Zimbabwe: Minister Grilled Over Passport Crisis, Denies Document Printed By Nikuv

Home Affairs Minister Cain Mathema.

Norton legislator Temba Mliswa and fellow opposition legislators Wednesday took Home Affairs Minister Cain Mathema to task on why government was making citizens' lives unbearable through failure to produce passports.

During parliament's question and answer session, MPs took turns to demand answers on why government failures have sunk to levels where it was nolonger capable of providing its own citizens with the much sought after identification document.

Mliswa, an independent MP, asked Mathema why the government had chosen a foreign company, Nikuv to print passports and not give the job to a local company.

"We know the contract emanated from a contract that was given to this controversial company and he (Mathema) was not in office then.

"Minister of Home Affairs, you are aware of the shortages in passports and problems it has created and I know the problem emanated from a foreign contract before you were in office.

"Why did government choose to give a contract to a foreign company before the people of Zimbabwe?" Mliswa asked.

Mathema, in his response, denied claims that government had passed on the job to outsiders.

"Passports in Zimbabwe are actually manufactured or produced by the Registrar General," Mathema said.

"They are not printed by Fidelity Printers either. A few months ago, I was at a workshop where the passports are printed. If time permitted, the members would have gone where this is done."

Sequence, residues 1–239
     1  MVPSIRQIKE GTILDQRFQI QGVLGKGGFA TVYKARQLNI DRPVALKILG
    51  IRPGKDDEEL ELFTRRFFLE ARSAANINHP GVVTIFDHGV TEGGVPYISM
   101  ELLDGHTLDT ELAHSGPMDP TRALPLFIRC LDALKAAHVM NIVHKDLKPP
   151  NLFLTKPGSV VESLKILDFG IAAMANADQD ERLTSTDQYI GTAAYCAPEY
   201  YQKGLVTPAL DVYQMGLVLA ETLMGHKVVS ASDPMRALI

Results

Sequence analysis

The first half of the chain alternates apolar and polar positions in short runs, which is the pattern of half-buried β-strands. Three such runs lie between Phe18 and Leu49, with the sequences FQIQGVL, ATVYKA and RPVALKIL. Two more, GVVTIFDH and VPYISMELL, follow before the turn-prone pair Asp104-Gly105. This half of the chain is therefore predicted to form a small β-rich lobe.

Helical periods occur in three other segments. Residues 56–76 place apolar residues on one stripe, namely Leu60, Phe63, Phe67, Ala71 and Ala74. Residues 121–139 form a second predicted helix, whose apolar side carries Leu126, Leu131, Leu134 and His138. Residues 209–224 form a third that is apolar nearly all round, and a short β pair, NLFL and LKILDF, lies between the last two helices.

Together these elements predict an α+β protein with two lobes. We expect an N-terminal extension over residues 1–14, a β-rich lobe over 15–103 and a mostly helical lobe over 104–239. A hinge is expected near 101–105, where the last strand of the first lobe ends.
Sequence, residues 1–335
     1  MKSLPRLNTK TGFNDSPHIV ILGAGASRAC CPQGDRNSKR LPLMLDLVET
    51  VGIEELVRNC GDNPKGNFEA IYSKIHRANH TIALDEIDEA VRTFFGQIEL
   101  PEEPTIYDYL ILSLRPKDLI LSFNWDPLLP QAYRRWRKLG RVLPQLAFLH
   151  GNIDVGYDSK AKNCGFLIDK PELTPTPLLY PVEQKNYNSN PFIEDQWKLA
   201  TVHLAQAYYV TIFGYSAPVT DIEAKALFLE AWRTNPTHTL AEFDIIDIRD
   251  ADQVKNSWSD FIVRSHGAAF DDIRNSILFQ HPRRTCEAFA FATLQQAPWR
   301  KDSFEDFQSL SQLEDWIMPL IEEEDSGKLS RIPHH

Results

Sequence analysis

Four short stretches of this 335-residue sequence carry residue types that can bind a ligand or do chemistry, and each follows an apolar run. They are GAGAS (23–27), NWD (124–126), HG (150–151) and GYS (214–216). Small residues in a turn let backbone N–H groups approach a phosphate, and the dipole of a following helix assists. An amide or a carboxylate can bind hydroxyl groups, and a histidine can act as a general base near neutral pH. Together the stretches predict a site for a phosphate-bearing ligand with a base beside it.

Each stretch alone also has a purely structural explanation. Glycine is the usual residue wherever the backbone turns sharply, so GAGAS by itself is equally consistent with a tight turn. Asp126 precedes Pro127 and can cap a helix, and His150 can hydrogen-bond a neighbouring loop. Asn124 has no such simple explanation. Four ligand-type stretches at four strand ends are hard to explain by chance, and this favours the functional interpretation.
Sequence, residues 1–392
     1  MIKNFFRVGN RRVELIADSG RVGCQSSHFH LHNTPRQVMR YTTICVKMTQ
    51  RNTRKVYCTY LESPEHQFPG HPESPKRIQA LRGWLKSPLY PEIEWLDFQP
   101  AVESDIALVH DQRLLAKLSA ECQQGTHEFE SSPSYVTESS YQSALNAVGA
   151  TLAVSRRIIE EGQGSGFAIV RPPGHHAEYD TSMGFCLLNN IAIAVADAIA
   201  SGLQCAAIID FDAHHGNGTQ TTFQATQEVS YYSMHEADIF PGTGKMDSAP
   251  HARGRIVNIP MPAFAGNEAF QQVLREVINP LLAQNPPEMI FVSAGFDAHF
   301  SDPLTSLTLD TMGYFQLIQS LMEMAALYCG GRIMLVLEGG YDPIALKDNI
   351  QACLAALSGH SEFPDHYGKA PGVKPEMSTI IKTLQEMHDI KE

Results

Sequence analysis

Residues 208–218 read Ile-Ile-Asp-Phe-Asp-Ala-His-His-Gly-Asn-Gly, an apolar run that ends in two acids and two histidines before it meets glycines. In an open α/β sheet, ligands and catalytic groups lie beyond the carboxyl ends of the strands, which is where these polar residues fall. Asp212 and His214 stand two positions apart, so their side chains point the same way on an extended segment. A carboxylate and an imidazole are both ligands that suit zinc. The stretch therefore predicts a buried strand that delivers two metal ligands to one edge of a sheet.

But Mliswa was not convinced. He went on, "This is a very important issue. Why is there a shortage of passports if they are printed in this country? It is so because the company which you contracted wants foreign currency.

"Why are there such long queues where people are waking up midnight to queue up? Is this government policy, allowing people to queue up early in the morning but without getting any passports?"

Minister Mathema accepted that shortages existed but consumables such as ribbons are being imported as the country does not manufacture them.

MDC MP, Matema questioned why government could not recycle passports with unused pages rather than having them thrown away.

The Minister rejected the idea.

"The passport is a security document. So after its expiry, one has to apply for a new one. Passports will be printed in the next three weeks," Mathema said.

Godfrey Sithole, another MDC MP attributed all shortages being faced by Zimbabweans to the "politics of the day".

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